OmniSource Corporation is a wholly owned subsidiary of Steel Dynamics, Inc. Go to steeldynamics.com

History

OmniSource was born during the pursuit of a dream—the American Dream, which has attracted so many to these shores with promises of freedom, opportunity, and prosperity.

Irving RifkinEscaping the chaos of revolution and civil war, Irving Rifkin, still just a teenager, emigrated from Russia to America in 1920. He came alone, virtually penniless. He didn't speak English, but he quickly learned enough to work and provide for himself and later, a growing family.

After two decades in New York, Rifkin and his family struck out for western Ohio, where, after a year, he started his own business dealing in all sorts of scrap materials: metals, paper, glass, and rags. He even used his stake-bed truck to offer roadside emergency service. As his business grew, Irving took on a partner, his brother-in-law Irving Walters.

In 1943, when the war effort made recycling a national priority, Rifkin and Walters bought their first scrap yard on Clinton Street in Fort Wayne, Indiana. They called their new venture Superior Iron & Metal. Competition was fierce, but the business prospered. Fort Wayne was home to several companies that supplied the military, and those companies generated a great many scrap materials. Rifkin and Walters later invested in scrap-processing equipment to further their endeavors.

Rifkin's son Leonard joined the company in 1956. With Leonard's expertise and his ability to create strategic relationships with customers and banks alike, the company weathered some tough times in the early 1960s.

Late in the 1960s, the company ventured into the trash-removal business, including establishing a revolutionary recycling facility to sort items that could be reclaimed. The company sold its trash-removal and recycling interests in 1973 to focus on expanding its scrap business.

Expansion meant acquisition. Beginning in the mid-'70s, the company began to expand significantly by buying a large number of scrap-processing facilities and increasing its presence across the Midwest. In the '70s and '80s, Leonard Rifkin's three sons—Danny, Rick, and Marty—joined the company.

In 1983 the company was officially renamed OmniSource, and by 1990 OmniSource had become a national force in the metals-recycling industry. That was also the year that the company pioneered a new concept, scrap management, with Chrysler Corporation as its initial client. Scrap management in which OmniSource manages all aspects of collecting, handling, and buying the scrap generated by a manufacturer, has since become a widely applied concept in the scrap industry.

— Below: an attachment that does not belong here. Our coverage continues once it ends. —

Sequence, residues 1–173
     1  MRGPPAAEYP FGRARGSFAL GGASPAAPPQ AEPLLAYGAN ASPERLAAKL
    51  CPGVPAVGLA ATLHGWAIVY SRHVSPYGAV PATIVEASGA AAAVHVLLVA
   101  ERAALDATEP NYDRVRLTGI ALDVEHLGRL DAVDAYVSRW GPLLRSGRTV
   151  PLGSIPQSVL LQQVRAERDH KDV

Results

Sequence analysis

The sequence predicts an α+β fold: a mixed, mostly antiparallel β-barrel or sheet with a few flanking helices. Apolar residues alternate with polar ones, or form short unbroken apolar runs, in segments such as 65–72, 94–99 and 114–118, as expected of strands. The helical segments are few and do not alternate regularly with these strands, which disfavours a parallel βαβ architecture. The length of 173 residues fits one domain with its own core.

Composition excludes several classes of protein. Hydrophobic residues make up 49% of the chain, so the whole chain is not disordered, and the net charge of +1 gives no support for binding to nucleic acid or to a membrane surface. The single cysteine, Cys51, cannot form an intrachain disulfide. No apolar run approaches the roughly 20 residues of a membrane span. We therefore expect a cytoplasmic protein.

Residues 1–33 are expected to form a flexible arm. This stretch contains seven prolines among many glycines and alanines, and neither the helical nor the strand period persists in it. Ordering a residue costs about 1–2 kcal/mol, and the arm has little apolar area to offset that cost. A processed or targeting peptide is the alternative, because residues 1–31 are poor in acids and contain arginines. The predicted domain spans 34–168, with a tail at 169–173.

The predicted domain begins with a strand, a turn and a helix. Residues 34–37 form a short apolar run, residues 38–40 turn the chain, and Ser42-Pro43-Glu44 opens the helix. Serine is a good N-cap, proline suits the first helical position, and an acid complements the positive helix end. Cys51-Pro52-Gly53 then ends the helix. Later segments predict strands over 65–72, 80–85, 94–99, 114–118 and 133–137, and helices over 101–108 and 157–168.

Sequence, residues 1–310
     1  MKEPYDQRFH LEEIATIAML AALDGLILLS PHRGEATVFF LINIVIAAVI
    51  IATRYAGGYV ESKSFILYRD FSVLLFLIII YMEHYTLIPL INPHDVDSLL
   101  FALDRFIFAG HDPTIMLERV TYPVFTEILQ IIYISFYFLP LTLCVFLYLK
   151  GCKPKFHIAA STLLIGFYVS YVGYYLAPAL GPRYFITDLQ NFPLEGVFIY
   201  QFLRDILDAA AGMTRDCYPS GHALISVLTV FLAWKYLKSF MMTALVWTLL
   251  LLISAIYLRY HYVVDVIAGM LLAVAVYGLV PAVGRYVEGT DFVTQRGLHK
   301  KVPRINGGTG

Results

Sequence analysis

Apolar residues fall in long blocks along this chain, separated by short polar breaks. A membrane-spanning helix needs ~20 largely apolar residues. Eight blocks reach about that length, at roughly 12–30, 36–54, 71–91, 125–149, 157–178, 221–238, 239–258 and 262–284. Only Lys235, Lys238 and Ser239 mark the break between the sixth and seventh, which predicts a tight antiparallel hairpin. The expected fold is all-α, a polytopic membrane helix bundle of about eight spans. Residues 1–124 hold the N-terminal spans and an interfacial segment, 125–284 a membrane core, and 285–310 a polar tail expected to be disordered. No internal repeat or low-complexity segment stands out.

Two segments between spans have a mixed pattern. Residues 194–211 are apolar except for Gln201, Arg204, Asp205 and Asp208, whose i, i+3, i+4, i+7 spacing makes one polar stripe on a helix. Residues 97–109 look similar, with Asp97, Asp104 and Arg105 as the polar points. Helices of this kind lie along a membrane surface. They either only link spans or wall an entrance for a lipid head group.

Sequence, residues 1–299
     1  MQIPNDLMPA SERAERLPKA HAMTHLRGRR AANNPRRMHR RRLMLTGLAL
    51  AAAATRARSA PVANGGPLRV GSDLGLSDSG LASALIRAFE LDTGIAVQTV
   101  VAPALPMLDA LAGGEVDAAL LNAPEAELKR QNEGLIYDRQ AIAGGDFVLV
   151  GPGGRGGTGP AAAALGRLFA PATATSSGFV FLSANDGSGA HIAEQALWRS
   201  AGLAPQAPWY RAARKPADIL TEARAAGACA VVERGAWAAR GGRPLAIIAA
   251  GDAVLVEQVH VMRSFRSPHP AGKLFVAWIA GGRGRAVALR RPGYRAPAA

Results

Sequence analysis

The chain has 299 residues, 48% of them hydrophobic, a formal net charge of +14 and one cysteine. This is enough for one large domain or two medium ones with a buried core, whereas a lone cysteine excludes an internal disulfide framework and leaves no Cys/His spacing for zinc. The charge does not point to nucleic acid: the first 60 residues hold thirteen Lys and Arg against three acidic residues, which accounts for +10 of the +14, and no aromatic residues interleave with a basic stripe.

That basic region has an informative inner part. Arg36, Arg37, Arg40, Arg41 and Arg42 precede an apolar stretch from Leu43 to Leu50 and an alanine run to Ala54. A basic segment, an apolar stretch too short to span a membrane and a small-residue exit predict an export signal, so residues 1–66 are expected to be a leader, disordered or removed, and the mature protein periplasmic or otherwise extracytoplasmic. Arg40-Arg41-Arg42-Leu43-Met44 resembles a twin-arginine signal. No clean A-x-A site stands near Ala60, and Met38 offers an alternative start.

In addition to its aggressive approach to growth through acquisitions, OmniSource in recent years has also pioneered new technologies in the recovery of valuable metals from recycled scrap materials. In 1995, OmniSource founded Recovery Technologies, a heavy-media processing facility in Fort Wayne. In 1998, OmniSource established Superior Aluminum Alloys, a secondary-aluminum-smelting company in New Haven, Indiana.

OmniSource played an important role in the birth of Steel Dynamics in the early 1990s. SDI became OmniSource's parent company in 2007. As a wholly owned subsidiary, OmniSource continues to provide a large portion of the ferrous resources SDI uses to make new high-quality steel.

In October 2007 Steel Dynamics, Inc., bought OmniSource Corporation from the Rifkin family for approximately $1.1 billion, including cash, stock, and the assumption of debt. OmniSource had been an initial investor after SDI was founded in 1993, and for a period of time served as an exclusive agent to supply the nascent steel company with ferrous scrap, the primary material used in its steelmaking operations.

Today, as a part of SDI, OmniSource has grown through acquisitions and new ventures in the Midwest and in the South. OmniSource currently collects or processes ferrous and nonferrous scrap at more than 70 facilities in the United States, including the operation of 11 automotive shredders. OmniSource has the processing capacity to recycle 7 million tons per year of ferrous scrap and 1 billion pounds of nonferrous metals. It operates shredders in the Midwest and Southeastern United States.


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